Leather isn't always accessible, but one pair of more expensive boots is worth more than three pairs of cheap ones...
Leather isn’t always accessible, but one pair of more expensive boots is worth more than three pairs of cheap ones…

Tight looks cheap, and so does short

Blatantly not all tight looks cheap, just ask Roland Mouret. But in general, considering your hemline and the fact that cheaper shops (or vintage clothes) can sometimes come up a bit smaller will take you a long way. Going up a size can look luxe and sexy, allowing the clothes to skim your body. And while a very short dress in a 60s style can look ace, that length may look like the manufacturer has skimped on fabric in a different style. Consider wearing (good quality) leggings with dresses that come up short, or avoid items that come up too short altogether. Honestly, even if you love it, sometimes it just isn’t worth buying if you end up having to tug at it all the time, lest you flash your frillies.

On the size thing, this is simple: if in doubt, go up a size. Cheap clothes usually don’t look better tight as the material is less forgiving, so just ignore the label and trade up.

This dress cost about a tenner from Primark but it's got a thickness and drape that looks edgier and pricier
This dress cost about a tenner from Primark but it’s got a thickness and drape that looks edgier and pricier

Think fabric, through thick and thin

When you’re sifting through rails of stuff, the quality of the fabric is something well worth bearing in mind. So much is a matter of taste, and opinion. But if you take one rule with you when shopping, think ‘thick or thin’. Fine knits and jersey can look way more expensive than they are, flowing over the body and looking v classy indeed. Equally, I have a shift dress from a very budget high street retailer that lives and dies on the fact that the material is thick enough to avoid showing bulges and underwear lines. So think about thicker-than-usual, and thinner-than-usual fabrics to fool the casual observer.


As a tall woman (about 5’11” to be far from exact) I struggle with trouser lengths, among other things. Our office is very casual, but when I go to conferences, I often choose a dress, which I’m afraid for the most part I can’t get super-cheap. But one cheap item that makes all the difference is the quality of your tights! I hate these damned leg prisons but they finish off a smart outfit and opaque tights hide a multitude of sins, so a necessary evil they remain. I like M&S when I’m near one and can afford their tights, but otherwise I will usually go for Primark. My absolute, 100% top tip is to go for control top tights- they don’t really control anything, but they tend to come up higher on the body, creating a smoother silhouette and making your clothes fit and sit better.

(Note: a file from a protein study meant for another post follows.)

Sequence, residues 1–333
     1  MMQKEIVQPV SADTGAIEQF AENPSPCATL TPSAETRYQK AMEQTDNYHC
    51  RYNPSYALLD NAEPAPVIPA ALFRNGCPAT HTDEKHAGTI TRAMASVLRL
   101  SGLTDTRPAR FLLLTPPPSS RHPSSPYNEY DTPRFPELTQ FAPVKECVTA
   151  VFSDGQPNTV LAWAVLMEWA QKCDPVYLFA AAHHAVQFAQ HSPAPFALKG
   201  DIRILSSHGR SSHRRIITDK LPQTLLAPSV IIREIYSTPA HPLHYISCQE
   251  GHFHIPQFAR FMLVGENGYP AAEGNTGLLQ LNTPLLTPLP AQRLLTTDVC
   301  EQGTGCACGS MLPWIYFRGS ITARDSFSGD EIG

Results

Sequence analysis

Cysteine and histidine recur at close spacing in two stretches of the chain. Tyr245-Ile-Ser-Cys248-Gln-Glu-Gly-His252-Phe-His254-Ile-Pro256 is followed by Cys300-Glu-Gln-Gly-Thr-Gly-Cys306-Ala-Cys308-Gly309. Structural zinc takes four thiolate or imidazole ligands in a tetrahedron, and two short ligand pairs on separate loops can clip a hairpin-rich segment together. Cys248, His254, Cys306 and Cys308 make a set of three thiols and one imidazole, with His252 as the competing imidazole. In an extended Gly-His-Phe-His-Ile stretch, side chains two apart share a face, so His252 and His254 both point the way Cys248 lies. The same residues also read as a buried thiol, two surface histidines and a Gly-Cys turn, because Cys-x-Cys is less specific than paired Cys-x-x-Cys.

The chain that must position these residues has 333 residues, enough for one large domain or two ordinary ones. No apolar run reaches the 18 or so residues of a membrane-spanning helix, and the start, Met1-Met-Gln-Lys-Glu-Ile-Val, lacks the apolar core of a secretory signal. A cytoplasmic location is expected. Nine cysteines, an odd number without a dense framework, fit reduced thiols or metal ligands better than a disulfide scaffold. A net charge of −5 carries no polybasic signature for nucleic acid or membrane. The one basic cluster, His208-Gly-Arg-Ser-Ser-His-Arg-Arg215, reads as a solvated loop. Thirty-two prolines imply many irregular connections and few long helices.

And a serious point on leggings: they are not trousers and they won’t give you the coverage you need, so cover the majority of your bottom, and your mimsy, please!

And finally, be a canny sale-shopper

I ask you to cast your mind back to the beginning of this article- I know that seems a long time ago but bear with me- to my reference to an orange polyester shirt I once bought in the Next sale. As a terrible magpie up until fairly recently, I used to love lairy, loud clothing that I thought reflected my personality. These pieces can be fun but if you’re getting them in a sale then often they’ll be coming to the end of their fashion life and probably don’t have longevity on their side. Instead look for classic bits that you’ll be able to wear later, even if you put them away for now. This is a blog post in itself but here are a few ideas to whet your appetite: faux fur jacket; camel coat; brogues or loafers; Breton tops; a denim shirt; plain jumpers; any kind of neutral basic. Sales are a great time to get slightly better quality items for less, but you still have to be clever about it. Lots of shops act like they have the right to charge more, but the quality isn’t really there. A grey fine knit J Crew vest for £18 though? Why thank you very much!

Cashmere on a budget, why yes please! (stolen from Kathryn)